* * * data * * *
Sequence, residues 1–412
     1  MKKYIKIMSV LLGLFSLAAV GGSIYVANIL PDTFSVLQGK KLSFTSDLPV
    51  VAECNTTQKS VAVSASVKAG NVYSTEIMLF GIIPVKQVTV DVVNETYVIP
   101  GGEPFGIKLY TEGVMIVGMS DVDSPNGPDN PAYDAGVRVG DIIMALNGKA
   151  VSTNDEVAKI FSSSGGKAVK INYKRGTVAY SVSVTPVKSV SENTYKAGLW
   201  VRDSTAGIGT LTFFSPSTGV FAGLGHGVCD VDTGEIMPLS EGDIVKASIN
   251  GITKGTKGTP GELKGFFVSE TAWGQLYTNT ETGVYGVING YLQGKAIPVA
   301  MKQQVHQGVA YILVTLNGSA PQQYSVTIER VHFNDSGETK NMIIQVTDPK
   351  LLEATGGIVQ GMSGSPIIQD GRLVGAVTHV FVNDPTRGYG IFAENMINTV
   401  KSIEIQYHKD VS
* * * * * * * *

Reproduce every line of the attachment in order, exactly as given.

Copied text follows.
Sequence, residues 1–412
     1  MKKYIKIMSV LLGLFSLAAV GGSIYVANIL PDTFSVLQGK KLSFTSDLPV
    51  VAECNTTQKS VAVSASVKAG NVYSTEIMLF GIIPVKQVTV DVVNETYVIP
   101  GGEPFGIKLY TEGVMIVGMS DVDSPNGPDN PAYDAGVRVG DIIMALNGKA
   151  VSTNDEVAKI FSSSGGKAVK INYKRGTVAY SVSVTPVKSV SENTYKAGLW
   201  VRDSTAGIGT LTFFSPSTGV FAGLGHGVCD VDTGEIMPLS EGDIVKASIN
   251  GITKGTKGTP GELKGFFVSE TAWGQLYTNT ETGVYGVING YLQGKAIPVA
   301  MKQQVHQGVA YILVTLNGSA PQQYSVTIER VHFNDSGETK NMIIQVTDPK
   351  LLEATGGIVQ GMSGSPIIQD GRLVGAVTHV FVNDPTRGYG IFAENMINTV
   401  KSIEIQYHKD VS